Retired CW5 Douglas Englen, who was the flight lead of Operation Neptune’s Spear, was able to defeat and evade the fighter jet because he’d anticipated and planned for that.
When most people think of the bin Laden mission, they think of SEAL Team 6 and the CIA’s Special Activities Division members, shooting its high value target, code named “Geronimo.” What they may not realize is the majority of duration of that mission belonged to the special operations aviators.
For the first time, retired CW5 Douglas Englen, who was the flight lead of Operation Neptune’s Spear, the operation that killed Osama bin Laden, has revealed details on that mission. The full story of the mission is available to read on Marine Corps Times.
Among the interesting things revealed by Englen, who is the most decorated U.S. Army aviator, is that during the exit out of Pakistan, his MH-47 was targeted by a Pakistan Air Force (PAF) F-16 three times, and he successfully evaded missile lock each time.
He was able to defeat and evade the fighter jet because he’d anticipated and planned for that.
“It was as an electronic fight. A missile never left the rail. So I was able to evade him electronically. That’s all I’ll say. But, he was searching and hunting for me, and three times came very close to actually launching a missile,” Englen explained.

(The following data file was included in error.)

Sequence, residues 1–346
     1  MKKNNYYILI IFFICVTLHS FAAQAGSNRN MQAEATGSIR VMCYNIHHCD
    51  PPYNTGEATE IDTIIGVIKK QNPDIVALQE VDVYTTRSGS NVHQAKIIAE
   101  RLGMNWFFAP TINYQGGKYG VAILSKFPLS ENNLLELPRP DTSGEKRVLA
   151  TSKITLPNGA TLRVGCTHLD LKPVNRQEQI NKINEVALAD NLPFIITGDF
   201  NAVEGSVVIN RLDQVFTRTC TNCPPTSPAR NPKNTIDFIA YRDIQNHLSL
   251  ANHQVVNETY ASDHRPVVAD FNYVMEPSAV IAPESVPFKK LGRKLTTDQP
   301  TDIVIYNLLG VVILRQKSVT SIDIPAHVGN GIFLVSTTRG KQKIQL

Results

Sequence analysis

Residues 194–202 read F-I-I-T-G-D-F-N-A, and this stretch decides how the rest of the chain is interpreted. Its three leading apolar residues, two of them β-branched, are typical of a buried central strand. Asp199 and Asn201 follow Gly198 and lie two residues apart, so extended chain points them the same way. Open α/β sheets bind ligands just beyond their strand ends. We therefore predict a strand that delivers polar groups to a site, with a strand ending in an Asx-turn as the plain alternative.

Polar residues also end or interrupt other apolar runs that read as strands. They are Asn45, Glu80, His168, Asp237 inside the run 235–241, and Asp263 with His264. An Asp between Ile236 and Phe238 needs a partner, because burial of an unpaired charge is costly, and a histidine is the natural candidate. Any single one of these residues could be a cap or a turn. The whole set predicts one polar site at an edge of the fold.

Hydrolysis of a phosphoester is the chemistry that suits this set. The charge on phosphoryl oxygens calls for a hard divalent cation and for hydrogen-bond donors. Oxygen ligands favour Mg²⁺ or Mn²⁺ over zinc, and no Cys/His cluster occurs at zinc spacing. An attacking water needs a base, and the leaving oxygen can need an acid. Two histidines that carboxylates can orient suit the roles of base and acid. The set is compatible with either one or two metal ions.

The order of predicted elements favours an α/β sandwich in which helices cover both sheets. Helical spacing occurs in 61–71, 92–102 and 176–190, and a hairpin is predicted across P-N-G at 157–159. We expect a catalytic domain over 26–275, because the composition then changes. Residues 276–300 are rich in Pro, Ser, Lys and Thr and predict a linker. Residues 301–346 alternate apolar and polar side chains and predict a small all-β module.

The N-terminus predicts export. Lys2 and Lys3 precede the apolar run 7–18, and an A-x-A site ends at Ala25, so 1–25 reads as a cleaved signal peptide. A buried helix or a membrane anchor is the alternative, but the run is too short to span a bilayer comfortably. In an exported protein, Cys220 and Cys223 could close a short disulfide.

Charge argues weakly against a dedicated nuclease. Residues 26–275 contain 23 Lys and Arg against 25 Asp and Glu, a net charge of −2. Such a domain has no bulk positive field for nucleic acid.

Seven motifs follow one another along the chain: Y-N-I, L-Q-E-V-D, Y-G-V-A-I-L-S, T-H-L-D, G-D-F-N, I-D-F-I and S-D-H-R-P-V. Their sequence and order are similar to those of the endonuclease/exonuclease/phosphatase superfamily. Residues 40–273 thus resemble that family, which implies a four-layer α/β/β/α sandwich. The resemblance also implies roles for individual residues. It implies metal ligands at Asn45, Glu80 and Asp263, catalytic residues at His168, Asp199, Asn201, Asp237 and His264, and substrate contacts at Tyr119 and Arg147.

Englen done that before with other fighter jets on other missions.
“That’s why we were picked for this mission. And, I was one of the few who trained 160th crews how to do that,” he pointed out.
Regardless, they were still jinking and jiving, flying nap-of-the-earth.
“We pulled every technique and tactic out of the book. And it worked,” he said.
The risk was different, depending on who you asked.
On the actual bin Laden compound, the risk to the ground force was high (which is why comparisons were made to it being like “just another night in Afghanistan,” where operations occur multiple times a night).
While the risk to the airframes was fairly low on the objective, it was extremely high during the other nearly four hours of flying.
“It was not typical. That risk would be typical of the early days of Iraq, when we had air defense and we had to use electronic warfare tactics,” he said.
However, crossing back into Afghanistan was an unusually good feeling.
“We felt safe,” Englen said, “Which is a totally weird thing to say about (a war zone) in Afghanistan.”
Photo credit: Staff Sgt. Reed Knutson / U.S. Army and U.S. Air Force